Cait’s book is beautiful, vulnerable, and it inspired me to be a braver in my writing and life. You can pre-order Cait’s book on Amazon or ask your local library to stock it on the shelves.

3. I read Vagabonding by Rolf Potts in 2010, and I’m reading it again. If you’re interested in living simply and traveling, I highly recommend this book.

4. A Paris All Your Own—edited by Eleanor Brown—is a delightful collection of essays.

5. Are you using social media or being used by it?

6. Honest essays about Breast Cancer Awareness Month: Where’s the Pretty Ribbon for “Shit Happens”?Skipping Over the Hard Parts | Pinkwashing.

7. Tragic and beautiful: I Have a Message for You.

8. Thanks to a new tourism video, you can see why Siskiyou County is so gorgeous!

9. Funny: That Time #Ramona Made Everyone Smile For A Few Minutes.

10. The INSPIRIT Collection by Amanda Sandlin is beautiful. Amanda describes the collection as “a product of remembering all I am capable of, finding courage again, and feeling alive. My deepest hope is that these works can bring all of this uplifting energy into your home and remind that you, too, deserve to feel inspirited, alive, and free.” Check it out.

With gratitude,

PSA Simple Year begins on January 2nd. Join my colleague Courtney Carver on November 2, 2017 for a Q & A webinar and program overview. Details here.

Photo by Tammy Strobel

On January 1, 2018, I’ll start the 6th year of my daily photography project—My Morning View. I’ve been taking a snapshot of my morning view for the past five years, and I have a book by the same name.

If you haven’t followed my photography series, below is the backstory behind the project:

After my step-dad, Mahlon, died in June 2012, I decided to focus on a creative project to honor Mahlon’s memory. I began a daily photography project called My Morning View: An iPhone Photography Project about Gratitude, Grief & Good Coffee on January 1, 2013.

Since then, I’ve been taking a daily photo of my morning view with my coffee cup in the frame. My daily photography project gave meaning to the grief I experienced, and it’s fostered creative self-discipline, optimism, joy, and a sense of adventure in my everyday life.

Recently, a reader asked: “How do you shoot your daily photo? Can you share your creative process on the blog?”

When I read the question, I got excited because I love talking about this project. Taking my daily photo is one of the best parts of my morning routine because it’s fostered creative self-discipline and it’s part of my gratitude practice. In some ways, I think I’m better at expressing myself through photos rather than words.

When I started this project in 2013, I took a photo of my morning view right after my first cup of coffee. After so many years of working on this project, I’ve learned to be flexible with my schedule. Sometimes I take my photo early in the morning and sometimes I take it later in the day.

On average, I spend 15 to 30 minutes a day on my photography project. The amount of time I put into the project depends on how much time I have in the morning, the length of my caption, and the editing process.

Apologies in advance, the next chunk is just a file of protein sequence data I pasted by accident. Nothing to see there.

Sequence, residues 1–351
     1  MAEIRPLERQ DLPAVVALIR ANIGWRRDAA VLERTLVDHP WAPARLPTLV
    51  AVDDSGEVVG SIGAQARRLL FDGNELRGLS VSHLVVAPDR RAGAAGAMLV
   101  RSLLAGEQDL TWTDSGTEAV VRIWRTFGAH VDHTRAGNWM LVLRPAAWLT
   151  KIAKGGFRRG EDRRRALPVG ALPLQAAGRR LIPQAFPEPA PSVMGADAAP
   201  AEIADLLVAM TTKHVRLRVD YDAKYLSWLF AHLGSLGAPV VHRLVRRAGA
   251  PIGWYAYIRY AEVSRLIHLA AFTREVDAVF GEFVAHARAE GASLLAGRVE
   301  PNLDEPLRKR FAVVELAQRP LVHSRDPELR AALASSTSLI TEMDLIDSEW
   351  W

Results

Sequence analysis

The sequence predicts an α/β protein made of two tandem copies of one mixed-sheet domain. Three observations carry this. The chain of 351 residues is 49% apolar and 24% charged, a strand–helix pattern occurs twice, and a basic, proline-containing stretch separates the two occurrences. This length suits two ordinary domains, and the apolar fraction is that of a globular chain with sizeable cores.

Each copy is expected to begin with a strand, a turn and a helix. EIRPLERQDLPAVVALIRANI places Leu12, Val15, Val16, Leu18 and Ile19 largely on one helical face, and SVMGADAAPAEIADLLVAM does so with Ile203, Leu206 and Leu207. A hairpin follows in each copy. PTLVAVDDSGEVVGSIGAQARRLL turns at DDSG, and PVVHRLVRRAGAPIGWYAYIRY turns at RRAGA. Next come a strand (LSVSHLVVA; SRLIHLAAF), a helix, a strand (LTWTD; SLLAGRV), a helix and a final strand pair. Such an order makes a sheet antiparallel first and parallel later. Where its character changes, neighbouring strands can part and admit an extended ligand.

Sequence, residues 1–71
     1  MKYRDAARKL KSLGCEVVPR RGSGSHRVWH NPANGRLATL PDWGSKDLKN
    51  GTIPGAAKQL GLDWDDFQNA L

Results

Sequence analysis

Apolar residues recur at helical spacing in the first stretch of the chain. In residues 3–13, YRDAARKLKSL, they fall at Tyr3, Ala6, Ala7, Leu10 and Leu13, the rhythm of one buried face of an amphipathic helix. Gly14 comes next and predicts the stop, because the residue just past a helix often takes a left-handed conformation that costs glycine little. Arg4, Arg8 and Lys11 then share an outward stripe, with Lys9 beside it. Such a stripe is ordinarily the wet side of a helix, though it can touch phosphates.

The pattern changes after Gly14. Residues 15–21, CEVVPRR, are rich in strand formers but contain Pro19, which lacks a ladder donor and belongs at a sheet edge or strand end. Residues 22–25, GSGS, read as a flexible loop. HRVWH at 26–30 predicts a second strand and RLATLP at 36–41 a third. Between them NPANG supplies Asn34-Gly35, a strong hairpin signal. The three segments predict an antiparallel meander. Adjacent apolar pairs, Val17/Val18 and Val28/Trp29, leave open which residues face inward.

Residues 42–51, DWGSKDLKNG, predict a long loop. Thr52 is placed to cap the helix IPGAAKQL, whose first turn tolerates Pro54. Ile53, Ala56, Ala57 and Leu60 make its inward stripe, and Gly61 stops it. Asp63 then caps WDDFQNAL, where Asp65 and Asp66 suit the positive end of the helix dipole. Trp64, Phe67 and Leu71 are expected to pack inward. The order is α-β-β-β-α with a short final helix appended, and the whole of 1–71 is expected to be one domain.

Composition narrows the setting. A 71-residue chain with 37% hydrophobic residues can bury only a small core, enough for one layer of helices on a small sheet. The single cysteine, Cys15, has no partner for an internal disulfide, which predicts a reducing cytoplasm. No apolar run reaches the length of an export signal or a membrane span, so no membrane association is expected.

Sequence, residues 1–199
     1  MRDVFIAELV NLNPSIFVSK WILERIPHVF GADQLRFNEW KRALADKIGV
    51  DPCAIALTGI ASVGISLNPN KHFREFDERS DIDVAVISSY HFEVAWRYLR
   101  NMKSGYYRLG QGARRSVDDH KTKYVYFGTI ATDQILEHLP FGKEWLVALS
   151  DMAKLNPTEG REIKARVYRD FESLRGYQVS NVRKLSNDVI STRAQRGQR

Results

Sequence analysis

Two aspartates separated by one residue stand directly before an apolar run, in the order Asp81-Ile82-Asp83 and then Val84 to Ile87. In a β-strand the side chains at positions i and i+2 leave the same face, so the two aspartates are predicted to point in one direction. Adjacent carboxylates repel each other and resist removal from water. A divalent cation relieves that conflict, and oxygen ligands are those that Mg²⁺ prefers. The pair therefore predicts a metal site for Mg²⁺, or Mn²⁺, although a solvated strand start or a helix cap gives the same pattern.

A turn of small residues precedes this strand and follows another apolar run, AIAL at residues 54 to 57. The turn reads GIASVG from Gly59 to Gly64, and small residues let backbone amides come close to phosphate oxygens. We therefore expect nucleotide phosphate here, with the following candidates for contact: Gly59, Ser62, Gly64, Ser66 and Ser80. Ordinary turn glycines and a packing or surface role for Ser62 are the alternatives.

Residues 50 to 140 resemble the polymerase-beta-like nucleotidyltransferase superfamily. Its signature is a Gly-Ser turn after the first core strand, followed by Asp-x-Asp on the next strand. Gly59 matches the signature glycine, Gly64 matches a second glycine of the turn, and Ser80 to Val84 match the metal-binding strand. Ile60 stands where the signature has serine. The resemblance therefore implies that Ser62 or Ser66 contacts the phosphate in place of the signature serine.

Photo by Tammy Strobel

For example, I went to Ashland, OR a few weeks ago, and before I left the house, I decided to take my daily photo in Ashland. Here’s what my creative process looked like on that particular day:

  1. I walked into RAW—a lovely restaurant in Ashland—and ordered a late breakfast. I sat down at a table and began writing a to-do list. A few minutes later my order arrived—the PCT Oatmeal and a cappuccino with RAW’s signature nut milk.
  2. I loved the presentation of the oatmeal and cappuccino and decided to take a photo of the dish. I wanted to capture the soft morning light, the texture of the table, and the shapes of RAW’s bowls and plates.
  3. I took about ten photos of the scene, decided which photo I wanted to share online, and then deleted the rest of the images from my phone.
  4. Most of the time, I use Evernote to write the caption that I pair with the photograph.
  5. Since the caption was longer than normal, I uploaded it to Grammarly to check for grammar and spelling errors.
  6. Then, I edit my image in VSCO or Snapseed on my iPhone. I keep my edits simple. For example, I adjust the exposure and temperature of the image, and I might apply a filter to the photo.
  7. Finally, I upload the image to social media (Instagram, Facebook, Twitter, and Tumblr). As a side note, Tumblr serves as my project portfolio.

Photo by Tammy Strobel

Also, I have two side notes to share. These tips keep me grounded and focused on the aim of my project because I’m easily distracted by social media.

  • Sharing images and connecting with fellow photographers and bloggers online is a gift. However, I don’t have to spend hours on social media to connect with people. Also, spending too much time on Instagram isn’t the goal of my daily photography project.
  • My project is not about the “likes” or gaining “followers.” It’s about gratitude, improving my photography skills, and honoring my dad’s memory.

There you have it! If you’ve got additional questions about my daily photography project—or general photography related questions—leave a comment on the blog.

Also, if you need help starting a daily photography project, read this essay—How to Start a 365-Day Photography Project. I wrote this piece for Flow Magazine’s blog back in 2015.

With gratitude,

PS: A Simple Year begins on January 2nd. Join my colleague Courtney Carver on November 2, 2017 for a Q & A webinar and program overview. Details here.